First-class stars book passage for romantic melodrama mixed with wry comic flourishes in The VIPs. Frances (Elizabeth Taylor) is running from her neglectful tycoon husband (Richard Burton) into the arms of suave Marc (Louis Jourdan). Filmmaker Max (Orson Welles) is dodging the taxman. Harried entrepreneur Les (Rod Taylor) is blind to the romantic devotion of his secretary (Maggie Smith). And a dotty duchess (Margaret Rutherford won an Oscar, Golden Globe and National Board of Review Awards for her delightful performance) is determined to save her ancestral manor. Now boarding: The V.I.P.s.

DVD Special Features:
Languages: English, French and Spanish
Subtitles: English & Français (feature film only)

Last edited by John Hodson; 21-08-2006 at 13:51.
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Old 21-08-2006, 16:02   #16
Douglas R
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Quote:
Originally Posted by ChrisRose
I saw The V.I.P.s on TCM and thought Taylor & Burton were terribly wooden. Don't really see the chemistry George Feltenstein's talking about, or understand why they were a "legendary" couple. I enjoyed the movie in a superficial way, mostly 'cause of Maggie Smith and Margaret Rutherford. (Maggie should've won the Oscar over Margaret though). I might buy it, if it were sold separately, but I'm guessing it won't be.
I guess Chris, that you were not around in the '60s! As George Feltenstein says, Taylor & Burton were HUGE stars, especially after Cleopatra and they were constantly in the news. I agree that The VIPs was not their finest acting hour but it was very successful in box office terms because everyone wanted to see them on the screen together. I find it an entertaining film although, even when first released it seemed old-fashioned. Their chemistry was better seen though, in Taming of the Shrew.
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Old 21-08-2006, 17:50   #17
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What about The Comedians, is it any good?
I've only read the novel by Graham Greene, but never seen the movie.
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Old 21-08-2006, 21:37   #18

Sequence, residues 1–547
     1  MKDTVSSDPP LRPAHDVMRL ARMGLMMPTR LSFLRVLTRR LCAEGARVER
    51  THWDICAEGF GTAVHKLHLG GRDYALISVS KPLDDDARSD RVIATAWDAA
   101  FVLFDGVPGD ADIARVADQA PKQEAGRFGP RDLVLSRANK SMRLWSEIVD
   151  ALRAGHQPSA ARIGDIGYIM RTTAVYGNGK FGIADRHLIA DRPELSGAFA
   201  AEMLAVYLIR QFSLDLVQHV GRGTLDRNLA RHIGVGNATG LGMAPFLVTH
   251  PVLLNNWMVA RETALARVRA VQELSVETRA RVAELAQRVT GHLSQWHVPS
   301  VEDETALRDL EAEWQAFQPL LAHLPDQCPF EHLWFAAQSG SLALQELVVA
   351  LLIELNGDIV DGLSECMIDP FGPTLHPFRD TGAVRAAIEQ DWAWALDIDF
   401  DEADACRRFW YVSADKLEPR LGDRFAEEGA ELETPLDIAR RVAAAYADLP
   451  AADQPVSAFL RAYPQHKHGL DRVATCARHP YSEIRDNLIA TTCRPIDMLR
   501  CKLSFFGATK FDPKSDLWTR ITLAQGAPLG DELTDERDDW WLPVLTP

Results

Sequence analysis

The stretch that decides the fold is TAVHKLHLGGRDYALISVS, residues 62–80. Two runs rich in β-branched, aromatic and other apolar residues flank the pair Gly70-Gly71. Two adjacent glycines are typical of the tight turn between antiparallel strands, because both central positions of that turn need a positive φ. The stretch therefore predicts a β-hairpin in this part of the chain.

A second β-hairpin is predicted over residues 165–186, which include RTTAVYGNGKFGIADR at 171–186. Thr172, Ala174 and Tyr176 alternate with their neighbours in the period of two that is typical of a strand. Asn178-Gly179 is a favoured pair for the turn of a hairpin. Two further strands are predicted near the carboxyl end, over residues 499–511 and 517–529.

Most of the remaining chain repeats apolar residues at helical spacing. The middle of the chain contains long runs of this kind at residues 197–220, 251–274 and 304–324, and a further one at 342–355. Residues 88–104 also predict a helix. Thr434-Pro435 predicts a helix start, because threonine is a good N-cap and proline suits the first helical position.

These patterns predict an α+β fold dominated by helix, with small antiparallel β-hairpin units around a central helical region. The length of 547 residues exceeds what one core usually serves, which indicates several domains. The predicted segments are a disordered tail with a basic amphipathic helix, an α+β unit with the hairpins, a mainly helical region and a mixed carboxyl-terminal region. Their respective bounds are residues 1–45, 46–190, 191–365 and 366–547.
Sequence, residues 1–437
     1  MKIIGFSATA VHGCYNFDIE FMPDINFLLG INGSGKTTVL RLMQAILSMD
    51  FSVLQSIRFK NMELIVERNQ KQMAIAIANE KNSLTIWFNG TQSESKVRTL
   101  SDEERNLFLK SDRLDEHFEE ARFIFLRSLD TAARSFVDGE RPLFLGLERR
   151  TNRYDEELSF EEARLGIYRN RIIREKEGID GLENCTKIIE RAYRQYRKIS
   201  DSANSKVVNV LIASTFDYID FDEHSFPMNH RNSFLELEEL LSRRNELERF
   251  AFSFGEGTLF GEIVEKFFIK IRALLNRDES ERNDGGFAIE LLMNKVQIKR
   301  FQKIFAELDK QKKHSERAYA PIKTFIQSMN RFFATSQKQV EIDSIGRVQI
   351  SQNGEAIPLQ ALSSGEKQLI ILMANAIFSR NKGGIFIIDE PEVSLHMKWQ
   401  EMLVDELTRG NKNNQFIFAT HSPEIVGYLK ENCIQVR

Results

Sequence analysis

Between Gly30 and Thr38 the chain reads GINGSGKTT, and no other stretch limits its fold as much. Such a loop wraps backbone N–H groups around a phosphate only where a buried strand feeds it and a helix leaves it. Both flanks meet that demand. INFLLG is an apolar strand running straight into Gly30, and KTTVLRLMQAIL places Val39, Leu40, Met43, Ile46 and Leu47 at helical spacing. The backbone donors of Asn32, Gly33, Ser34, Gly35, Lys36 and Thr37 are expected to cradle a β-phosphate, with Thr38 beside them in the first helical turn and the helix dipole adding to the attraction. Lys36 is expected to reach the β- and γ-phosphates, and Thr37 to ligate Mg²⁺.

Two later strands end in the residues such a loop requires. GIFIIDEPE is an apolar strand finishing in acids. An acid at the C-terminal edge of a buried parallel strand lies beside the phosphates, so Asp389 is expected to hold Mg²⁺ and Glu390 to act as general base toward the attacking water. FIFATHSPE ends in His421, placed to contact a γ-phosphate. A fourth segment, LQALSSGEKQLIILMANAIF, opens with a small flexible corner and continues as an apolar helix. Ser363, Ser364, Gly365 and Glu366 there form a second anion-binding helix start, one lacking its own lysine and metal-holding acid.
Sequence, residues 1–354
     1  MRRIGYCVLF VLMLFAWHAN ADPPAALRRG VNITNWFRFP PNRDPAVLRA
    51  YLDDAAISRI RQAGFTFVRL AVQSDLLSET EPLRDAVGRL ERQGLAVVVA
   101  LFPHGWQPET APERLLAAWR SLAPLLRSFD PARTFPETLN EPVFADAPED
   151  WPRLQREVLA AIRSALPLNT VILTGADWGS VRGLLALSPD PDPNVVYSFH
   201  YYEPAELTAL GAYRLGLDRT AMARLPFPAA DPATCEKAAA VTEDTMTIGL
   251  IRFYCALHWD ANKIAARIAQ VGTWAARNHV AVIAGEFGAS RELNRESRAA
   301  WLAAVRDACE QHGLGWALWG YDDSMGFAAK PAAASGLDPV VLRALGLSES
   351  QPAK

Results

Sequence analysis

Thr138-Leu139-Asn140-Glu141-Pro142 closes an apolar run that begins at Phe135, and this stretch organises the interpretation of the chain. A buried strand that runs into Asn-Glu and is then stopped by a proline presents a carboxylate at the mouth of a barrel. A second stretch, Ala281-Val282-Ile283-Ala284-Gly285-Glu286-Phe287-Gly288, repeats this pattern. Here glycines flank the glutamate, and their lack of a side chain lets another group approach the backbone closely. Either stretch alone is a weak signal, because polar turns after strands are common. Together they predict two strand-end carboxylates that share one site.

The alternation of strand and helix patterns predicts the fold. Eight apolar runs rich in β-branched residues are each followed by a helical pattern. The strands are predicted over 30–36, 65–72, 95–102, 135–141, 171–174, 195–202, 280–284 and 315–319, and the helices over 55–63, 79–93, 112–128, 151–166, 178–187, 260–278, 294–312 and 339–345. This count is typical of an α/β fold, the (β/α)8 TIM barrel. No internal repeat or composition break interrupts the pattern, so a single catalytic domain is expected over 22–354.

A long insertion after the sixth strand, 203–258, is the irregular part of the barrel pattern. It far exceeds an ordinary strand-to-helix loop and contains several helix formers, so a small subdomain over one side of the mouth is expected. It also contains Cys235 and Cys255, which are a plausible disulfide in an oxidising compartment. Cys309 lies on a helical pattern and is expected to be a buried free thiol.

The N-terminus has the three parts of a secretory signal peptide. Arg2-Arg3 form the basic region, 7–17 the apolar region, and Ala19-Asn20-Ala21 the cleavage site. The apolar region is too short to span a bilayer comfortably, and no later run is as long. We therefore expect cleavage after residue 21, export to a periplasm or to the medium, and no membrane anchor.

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It's not anything like as good as the book, but since the book is probably Greene's masterpiece (in my very subjective opinion) that's not surprising. Alec Guinness is ideally cast however and it does capture some of the atmosphere of the original.
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Old 22-08-2006, 08:51   #19
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OK, this is starting to bug me now: WB's new strategy of issuing boxsets with most of the titles not available seperately. I wanted Storm Warning from the Reagan set, and I'd love The VIPs from this set. Can I buy either? No, I'd have to fork out around £45 for the two boxsets. Yes, the sets are bargains; I wish I had the money to pick them up, along with most all the other Warner sets. I have to pick and choose what I buy, though, and I find it very frustrating to miss out on DVDs like these, that I really want, especially when another DVD in the set is released separately and, in the past, all boxset titles were available separately.

And hey, no quips about what kind of fool only wants The frickin' VIPs?

/moan over, anyway.
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Old 22-08-2006, 11:23   #20
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The Comedians - I agree with Mike about Greene's novel. I have seen the movie twice - initially blown up to 70mm and shown on the ginormous Cinerama screen at the Coliseum (St Martin's Lane, not Rome). That says a lot about what's wrong with the movie. It's overlong, overblown, pumped up like a 60s blockbuster to justify the expense of the Burtons, while it should have been a fairly modest number and had all the potential for a masterpiece, a study of tyranny, faith and superstition in Haiti under the notorious Papa Doc. A wasted opportunity and stagily directed by Peter Glenville, a pal of Burton who also made Becket. Worth seeing, though, for all its faults and notable for being shot on location in Dahomey, now Benin, in West Africa.